So there's gameplay for you. You advance through a series of locations, finding clues and fighting off enemies, trying to outrun the inexolerably advancing Agenda deck. What about building your own starting deck?

Unlike the Lord of the Rings LCG, which was billed as being for 1-2 players but really supported 1-4, this is actually a 1-2 -player game, and in a way that creates some problems. For example, I can tell you right now that my investigator of choice going forward is going to be Agnes Baker, the Waitress.

Now, admittedly, "the Waitress" may not sound like much if you're one of those pompous bastards who don't appreciate the hard work that the men, women and others of our hospitality industry do. The gorgeous Magali Villeneuve art certainly helps, and a willpower of 5 is nothing to sneer at, but what seals the deal is her background story: she's a reincarnated Hyperborean witch. Her card text literally says she is from an age undreamed of. I'm completely sold; she is awesome and I will fight you.

The back of her card tells us that her character class is Mystic, and that she can pick Mystic cards from levels 0-5 and Survivor cards from levels 0-2. The starter deck that we can build for her from our single core set uses all of the 0 level Mystic and Survivor cards, and approximately half of the available neutral cards, so there's not a whole lot of deckbuilding to be done with just one core set. Unfortunately, that also means no-one else can be using those cards at the same time, which means that we're left with the Guardian, Seeker and Rogue classes. The only core set investigators using only those cards are Roland Banks and "Skids" O'Toole, the Ex-con. So if I want to play as Agnes, my partner is forced to choose either the ex-con or the fed, and we don't have enough cards for a third player whatever we pick. I can't help but contrast this with the Lord of the Rings LCG, where we immediately got four fully interoperable decks and could get right into a three- or four-player game, which was crucial in getting us hooked.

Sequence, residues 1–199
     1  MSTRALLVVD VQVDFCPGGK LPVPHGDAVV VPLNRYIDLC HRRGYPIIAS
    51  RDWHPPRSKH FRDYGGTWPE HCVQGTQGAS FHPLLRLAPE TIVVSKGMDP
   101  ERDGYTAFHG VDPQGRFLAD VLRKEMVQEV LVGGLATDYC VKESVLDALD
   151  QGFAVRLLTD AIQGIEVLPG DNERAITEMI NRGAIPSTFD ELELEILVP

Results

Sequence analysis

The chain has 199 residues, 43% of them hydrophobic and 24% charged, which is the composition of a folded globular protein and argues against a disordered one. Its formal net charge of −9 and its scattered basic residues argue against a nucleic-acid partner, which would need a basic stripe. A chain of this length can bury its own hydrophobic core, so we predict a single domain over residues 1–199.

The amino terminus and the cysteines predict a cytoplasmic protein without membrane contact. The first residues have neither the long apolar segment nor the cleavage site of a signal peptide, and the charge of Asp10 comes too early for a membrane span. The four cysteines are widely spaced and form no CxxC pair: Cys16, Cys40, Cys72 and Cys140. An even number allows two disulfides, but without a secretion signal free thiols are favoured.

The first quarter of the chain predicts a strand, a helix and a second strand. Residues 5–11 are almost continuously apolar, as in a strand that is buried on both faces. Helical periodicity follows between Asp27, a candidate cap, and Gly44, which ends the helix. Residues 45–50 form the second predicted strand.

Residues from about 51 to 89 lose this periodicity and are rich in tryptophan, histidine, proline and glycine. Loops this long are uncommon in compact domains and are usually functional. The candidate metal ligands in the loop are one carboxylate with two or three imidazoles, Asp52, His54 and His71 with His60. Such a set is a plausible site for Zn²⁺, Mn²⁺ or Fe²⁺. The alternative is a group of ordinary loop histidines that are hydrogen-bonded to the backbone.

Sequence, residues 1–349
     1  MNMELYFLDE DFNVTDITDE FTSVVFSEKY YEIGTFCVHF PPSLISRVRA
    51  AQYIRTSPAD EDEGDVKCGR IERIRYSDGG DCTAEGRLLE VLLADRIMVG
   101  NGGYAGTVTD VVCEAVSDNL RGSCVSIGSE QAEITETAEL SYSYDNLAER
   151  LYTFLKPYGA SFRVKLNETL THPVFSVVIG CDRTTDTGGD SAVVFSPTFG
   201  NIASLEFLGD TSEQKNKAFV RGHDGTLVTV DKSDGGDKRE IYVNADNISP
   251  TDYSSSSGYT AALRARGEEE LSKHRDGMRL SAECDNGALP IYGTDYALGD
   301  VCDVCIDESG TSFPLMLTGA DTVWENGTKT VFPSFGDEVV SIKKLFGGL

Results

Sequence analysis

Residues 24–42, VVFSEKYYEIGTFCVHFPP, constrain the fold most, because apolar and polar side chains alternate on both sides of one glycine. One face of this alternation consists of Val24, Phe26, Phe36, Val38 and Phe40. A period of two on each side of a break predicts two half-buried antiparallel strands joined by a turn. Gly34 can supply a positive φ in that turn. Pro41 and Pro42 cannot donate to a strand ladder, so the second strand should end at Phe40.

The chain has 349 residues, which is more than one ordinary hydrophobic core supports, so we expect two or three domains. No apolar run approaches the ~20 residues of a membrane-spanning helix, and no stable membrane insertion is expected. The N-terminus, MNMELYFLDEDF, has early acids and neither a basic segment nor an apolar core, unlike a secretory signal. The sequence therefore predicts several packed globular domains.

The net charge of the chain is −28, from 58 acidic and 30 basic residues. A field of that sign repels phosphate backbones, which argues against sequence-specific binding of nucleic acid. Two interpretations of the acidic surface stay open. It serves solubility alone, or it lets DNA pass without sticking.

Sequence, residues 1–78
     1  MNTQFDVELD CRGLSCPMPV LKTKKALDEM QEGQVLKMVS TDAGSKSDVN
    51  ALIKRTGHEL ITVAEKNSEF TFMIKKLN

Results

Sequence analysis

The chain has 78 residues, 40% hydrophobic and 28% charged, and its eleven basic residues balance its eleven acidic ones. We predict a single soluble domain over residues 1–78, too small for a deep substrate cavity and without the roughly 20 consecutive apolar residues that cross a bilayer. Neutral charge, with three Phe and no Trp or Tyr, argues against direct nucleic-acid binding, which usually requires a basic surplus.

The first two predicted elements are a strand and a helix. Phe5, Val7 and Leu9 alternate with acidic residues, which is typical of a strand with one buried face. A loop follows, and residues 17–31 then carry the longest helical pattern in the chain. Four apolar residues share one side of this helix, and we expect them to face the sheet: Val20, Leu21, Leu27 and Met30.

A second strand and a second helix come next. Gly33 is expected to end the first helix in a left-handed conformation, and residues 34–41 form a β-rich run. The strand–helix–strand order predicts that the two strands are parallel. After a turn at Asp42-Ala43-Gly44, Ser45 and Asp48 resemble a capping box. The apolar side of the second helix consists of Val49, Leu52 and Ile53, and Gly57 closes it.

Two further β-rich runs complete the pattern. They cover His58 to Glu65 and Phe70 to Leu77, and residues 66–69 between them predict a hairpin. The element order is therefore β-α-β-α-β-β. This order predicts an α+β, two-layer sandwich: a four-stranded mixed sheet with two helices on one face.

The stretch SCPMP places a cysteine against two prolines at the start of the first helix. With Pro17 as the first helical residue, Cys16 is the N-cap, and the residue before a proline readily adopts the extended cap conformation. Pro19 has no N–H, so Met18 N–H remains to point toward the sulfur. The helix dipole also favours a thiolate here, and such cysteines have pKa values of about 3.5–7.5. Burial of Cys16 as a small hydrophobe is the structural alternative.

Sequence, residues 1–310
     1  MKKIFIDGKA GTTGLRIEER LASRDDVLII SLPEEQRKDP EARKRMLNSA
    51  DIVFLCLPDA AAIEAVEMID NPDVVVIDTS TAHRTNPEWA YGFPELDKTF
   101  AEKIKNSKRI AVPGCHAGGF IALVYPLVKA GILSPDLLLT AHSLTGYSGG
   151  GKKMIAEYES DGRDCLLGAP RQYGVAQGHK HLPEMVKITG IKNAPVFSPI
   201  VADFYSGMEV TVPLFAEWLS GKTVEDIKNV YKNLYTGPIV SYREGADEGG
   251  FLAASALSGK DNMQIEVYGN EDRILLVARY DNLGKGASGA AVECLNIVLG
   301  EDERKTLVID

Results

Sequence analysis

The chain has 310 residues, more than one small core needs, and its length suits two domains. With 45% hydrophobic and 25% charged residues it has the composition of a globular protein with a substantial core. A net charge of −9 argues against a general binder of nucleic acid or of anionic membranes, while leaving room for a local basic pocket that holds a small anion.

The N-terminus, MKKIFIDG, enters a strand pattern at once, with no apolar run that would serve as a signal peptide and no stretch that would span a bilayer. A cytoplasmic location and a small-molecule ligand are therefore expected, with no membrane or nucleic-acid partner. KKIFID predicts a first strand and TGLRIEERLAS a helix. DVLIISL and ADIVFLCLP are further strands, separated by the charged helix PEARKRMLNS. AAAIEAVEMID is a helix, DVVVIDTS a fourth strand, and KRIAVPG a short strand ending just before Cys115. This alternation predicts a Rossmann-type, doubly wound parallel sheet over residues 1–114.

Now, admittedly, we've been promised that the very first expansion will feature as many as five new investigators and a pile of new player cards, so hopefully that'll help. But to be honest, it's still a little disappointing. Another thing it does, which I'm not sure the people in charge of these things entirely appreciate, is that it makes it a lot harder to get other people to play the game. With just the Lord of the Rings core set, me and my partner can invite another couple or two friends over and have a game. With Arkham, this is impossible; without multiple core sets, the only way to demonstrate the game is one-on-one. So I really don't think this was a good idea. I'd rather have taken smaller starting decks, for example.